Culturing of tissue is currently the gold standard for the diagnosis of IA.11 This method not only yields Aspergillus spp, but further defines therapeutic options via susceptibility testing. However, the invasiveness of obtaining tissue makes culturing less desirable. In the absence of tissue specimens, bronchoalveolar lavage (BAL) fluid obtained from the upper and lower respiratory tracts can serve to establish the diagnosis of IA.12 Although BAL is a safe procedure, the overall sensitivity of culture using BAL specimens is relatively low (estimated at 50%).13 Blood sampling is the optimal noninvasive diagnostic approach for IA.12 Despite this noninvasiveness, however, Aspergillus spp are rarely isolated from blood through conventional culture techniques—hence the reliance on tissue specimens to secure a definitive diagnosis of IA.12 Since results from cultures are relatively slow to obtain overall, IA is well established by the time the culture is positive. These challenges have resulted in the development of diagnostic methods that are less invasive and more rapid.
The serum galactomannan assay is a rapid test that is approved to diagnose suspected cases of IA in patients with hematologic malignancies or HSCTs.13 Galactomannan, a polysaccharide released in bodily fluids during Aspergillus growth, can be detected in serum and BAL specimens several days before clinical signs and symptoms appear.13 Serum detection may facilitate the establishment of a specific diagnosis, whereas BAL fluid appears to have a higher sensitivity but is often harder to obtain.12,13 Meersseman and colleagues reported the sensitivity of galactomannan detection to be 88% for BAL versus 42% for serum, and the specificity of galactomannan for both BAL and serum was 86%.14 A positive serum result can enable the initiation of antifungal agents, whereas a negative result can potentially prevent the use of expensive and toxic antifungal drugs.12 Measurement of (1,3)-beta-D-glucan in the blood may also be useful as a screening tool for IA. Although the galactomannan assay is specific for IA, the (1,3)-beta-D-glucan assay also can detect other invasive fungal diseases, including candidiasis, other mold pathogens, and Pneumocystis jiroveci.15
Antifungal treatment remains the mainstay of treatment of IA.2 In order to prevent complications and poor outcomes, antifungal treatment should be initiated immediately in patients at high risk for IA.2 The Infectious Diseases Society of America (IDSA) recommends the use of voriconazole for the primary treatment of invasive pulmonary aspergillosis, as well as for other manifestations, such as aspergillosis infections of the sinuses, central nervous system aspergillosis, and chronic necrotizing pulmonary aspergillosis.2 If primary treatment fails, lipid formulations of amphotericin B (AMB), caspofungin, and itraconazole may be used as salvage therapy.2 The IDSA guidelines also recommend the use of posaconazole for prophylaxis in neutropenic patients with myelodysplasia and leukemia, as well as in allogeneic HSCT recipients with graft-versus-host disease (GvHD).2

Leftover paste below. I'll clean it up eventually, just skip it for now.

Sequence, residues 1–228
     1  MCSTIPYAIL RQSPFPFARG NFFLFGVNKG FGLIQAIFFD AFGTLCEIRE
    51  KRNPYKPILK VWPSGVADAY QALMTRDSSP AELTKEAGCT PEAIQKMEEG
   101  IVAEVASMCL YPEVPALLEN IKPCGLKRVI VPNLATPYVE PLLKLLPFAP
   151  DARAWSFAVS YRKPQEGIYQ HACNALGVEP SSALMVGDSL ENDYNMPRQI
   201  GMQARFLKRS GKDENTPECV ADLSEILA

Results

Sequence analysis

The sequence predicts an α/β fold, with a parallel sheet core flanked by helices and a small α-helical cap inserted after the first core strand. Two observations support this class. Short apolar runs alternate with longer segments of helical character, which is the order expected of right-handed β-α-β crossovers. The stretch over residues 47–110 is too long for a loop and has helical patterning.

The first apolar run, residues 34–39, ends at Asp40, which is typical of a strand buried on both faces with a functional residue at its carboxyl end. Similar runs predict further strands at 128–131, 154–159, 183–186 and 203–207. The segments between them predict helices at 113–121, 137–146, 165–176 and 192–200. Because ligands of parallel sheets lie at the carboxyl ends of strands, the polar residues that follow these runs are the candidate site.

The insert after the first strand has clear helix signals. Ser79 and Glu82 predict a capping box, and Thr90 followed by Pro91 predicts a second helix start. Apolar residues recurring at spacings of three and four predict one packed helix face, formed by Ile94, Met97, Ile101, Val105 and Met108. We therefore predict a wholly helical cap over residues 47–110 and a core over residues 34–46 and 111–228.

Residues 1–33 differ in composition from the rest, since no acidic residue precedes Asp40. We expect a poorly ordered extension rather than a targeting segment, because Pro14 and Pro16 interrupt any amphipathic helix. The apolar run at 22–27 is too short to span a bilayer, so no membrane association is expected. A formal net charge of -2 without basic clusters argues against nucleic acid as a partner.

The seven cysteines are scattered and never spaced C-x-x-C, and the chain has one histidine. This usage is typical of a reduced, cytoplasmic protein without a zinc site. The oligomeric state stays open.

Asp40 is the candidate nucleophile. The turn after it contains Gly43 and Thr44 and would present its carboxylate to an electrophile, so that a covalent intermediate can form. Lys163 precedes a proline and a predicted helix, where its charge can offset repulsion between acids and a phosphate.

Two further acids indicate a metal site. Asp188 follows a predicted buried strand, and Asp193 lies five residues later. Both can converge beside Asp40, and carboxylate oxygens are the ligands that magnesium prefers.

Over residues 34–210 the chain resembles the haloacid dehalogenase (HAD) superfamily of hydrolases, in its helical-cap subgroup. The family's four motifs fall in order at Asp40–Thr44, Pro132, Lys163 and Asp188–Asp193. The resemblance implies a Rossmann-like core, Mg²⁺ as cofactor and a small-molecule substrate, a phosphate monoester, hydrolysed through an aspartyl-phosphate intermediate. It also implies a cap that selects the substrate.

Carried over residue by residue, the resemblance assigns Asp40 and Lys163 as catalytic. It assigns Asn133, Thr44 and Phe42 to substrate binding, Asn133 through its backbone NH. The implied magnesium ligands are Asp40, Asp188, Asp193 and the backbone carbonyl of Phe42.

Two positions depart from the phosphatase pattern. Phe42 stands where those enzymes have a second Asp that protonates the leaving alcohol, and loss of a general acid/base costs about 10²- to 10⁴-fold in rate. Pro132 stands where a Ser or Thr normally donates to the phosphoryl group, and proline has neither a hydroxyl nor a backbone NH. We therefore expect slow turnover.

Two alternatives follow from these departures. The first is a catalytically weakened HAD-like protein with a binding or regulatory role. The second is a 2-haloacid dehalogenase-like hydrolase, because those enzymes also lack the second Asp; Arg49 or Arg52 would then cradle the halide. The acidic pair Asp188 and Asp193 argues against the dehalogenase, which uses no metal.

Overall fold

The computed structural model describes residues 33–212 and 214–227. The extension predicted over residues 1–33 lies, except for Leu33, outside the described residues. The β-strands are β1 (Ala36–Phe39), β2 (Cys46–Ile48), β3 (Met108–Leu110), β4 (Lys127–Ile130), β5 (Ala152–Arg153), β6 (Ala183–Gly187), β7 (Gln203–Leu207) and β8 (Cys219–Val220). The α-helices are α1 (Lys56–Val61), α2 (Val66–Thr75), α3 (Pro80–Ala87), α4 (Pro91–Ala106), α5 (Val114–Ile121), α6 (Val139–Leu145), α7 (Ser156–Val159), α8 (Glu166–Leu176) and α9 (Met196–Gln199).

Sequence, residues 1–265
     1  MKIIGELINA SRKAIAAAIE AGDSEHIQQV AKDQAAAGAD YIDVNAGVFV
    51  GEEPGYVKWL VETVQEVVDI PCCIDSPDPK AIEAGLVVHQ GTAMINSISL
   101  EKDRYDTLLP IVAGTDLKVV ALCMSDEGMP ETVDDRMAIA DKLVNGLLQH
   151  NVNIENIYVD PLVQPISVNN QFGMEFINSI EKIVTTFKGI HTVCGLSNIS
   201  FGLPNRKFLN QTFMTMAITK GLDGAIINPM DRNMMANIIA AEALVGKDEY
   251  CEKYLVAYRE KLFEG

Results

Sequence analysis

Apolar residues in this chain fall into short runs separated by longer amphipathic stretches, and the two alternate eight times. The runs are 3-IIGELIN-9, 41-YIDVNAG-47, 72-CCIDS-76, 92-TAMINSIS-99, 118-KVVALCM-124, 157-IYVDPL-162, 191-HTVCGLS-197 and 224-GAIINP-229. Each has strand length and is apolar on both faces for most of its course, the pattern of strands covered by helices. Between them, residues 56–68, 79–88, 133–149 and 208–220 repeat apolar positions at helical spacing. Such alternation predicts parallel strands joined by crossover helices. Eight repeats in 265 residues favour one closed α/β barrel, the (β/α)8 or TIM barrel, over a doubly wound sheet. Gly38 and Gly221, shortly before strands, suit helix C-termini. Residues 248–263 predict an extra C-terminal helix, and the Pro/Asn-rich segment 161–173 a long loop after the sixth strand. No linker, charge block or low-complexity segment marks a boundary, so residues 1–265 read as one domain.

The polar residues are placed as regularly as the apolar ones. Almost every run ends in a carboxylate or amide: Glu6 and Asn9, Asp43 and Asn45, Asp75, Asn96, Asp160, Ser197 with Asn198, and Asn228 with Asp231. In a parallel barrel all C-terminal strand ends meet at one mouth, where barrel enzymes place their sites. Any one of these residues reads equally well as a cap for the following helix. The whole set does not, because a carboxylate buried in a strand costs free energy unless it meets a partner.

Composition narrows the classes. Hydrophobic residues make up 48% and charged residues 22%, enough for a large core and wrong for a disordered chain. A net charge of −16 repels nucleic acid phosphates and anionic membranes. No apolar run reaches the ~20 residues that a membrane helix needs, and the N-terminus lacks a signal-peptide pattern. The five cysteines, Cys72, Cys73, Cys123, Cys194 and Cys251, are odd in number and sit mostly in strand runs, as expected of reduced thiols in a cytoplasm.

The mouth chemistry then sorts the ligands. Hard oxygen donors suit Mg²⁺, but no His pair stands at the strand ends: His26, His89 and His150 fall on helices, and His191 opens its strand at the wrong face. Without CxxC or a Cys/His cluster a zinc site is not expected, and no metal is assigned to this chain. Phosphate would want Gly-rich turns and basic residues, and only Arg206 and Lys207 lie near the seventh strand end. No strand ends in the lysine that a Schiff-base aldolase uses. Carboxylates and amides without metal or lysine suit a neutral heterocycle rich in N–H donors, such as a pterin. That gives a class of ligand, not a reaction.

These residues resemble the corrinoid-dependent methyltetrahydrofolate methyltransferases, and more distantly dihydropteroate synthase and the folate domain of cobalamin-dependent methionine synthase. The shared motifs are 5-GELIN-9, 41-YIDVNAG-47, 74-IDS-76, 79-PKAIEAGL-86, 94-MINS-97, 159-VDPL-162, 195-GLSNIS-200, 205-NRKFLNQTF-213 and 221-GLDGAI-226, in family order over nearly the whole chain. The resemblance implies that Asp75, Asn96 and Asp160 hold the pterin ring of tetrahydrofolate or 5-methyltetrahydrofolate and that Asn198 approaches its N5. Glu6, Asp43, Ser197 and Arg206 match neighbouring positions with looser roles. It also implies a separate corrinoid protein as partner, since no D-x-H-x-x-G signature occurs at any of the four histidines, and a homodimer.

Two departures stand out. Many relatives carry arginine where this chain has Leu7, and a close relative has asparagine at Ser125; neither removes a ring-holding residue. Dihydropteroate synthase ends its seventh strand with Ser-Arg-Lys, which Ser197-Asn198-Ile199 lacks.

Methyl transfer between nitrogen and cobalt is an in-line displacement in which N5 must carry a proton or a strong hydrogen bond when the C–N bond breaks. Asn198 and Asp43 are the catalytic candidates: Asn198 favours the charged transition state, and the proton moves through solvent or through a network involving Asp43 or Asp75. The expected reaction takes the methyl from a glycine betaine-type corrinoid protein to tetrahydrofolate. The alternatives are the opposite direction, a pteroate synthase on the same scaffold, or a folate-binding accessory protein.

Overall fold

Voriconazole: A randomized, nonblinded trial comparing voriconazole with AMB found that 52.8% of voriconazole patients experienced successful outcomes (complete or partial resolution of lesions on radiology).16 The voriconazole group also had a higher survival rate than AMB patients (70.8% vs. 57.9%) and fewer adverse events (343 events vs. 421 events; P = .02), leading investigators to conclude that voriconazole is superior to AMB.16 The voriconazole dosage recommended by the IDSA guidelines (TABLE 1) was supported in this trial.2 Voriconazole has an adverse-effect profile that includes skin sensitivity with exposure to direct sunlight, visual disturbances, and hepatotoxicity characterized by an increase in serum bilirubin and liver enzymes.2
AMB: Previously, AMB deoxycholate was the standard of care for aspergillosis. However, infusion-related reactions (including fever, rigors, arthralgias, vomiting, and bronchospasms) and nephrotoxicity resulting in potential renal failure have caused AMB to fall out of favor.2 Additionally, azotemia may occur when AMB deoxycholate is coadministered with nephrotoxic agents (e.g., cyclosporine or tacrolimus).2 As a result, the IDSA recommends lipid complex formulations as an alternative, as the incidence of adverse effects is lower than that for the deoxycholate formulation. Moreover, in a trial by Walsh and colleagues that compared AMB lipid complex with caspofungin, success rates were similar (33.7% for AMB, 33.9% for caspofungin); therefore, the treatment guidelines list both AMB lipid complex and caspofungin as alternatives to voriconazole.17
Echinocandins (Caspofungin, Micafungin, Anidulafungin): Although caspofungin has been approved for IA therapy, micafungin and anidulafungin have not proven efficacious in the primary treatment of IA and therefore are not recommended by the IDSA.18 Caspofungin may cause headache, gastrointestinal upset, and possible infusion-related reactions owing to histamine release.2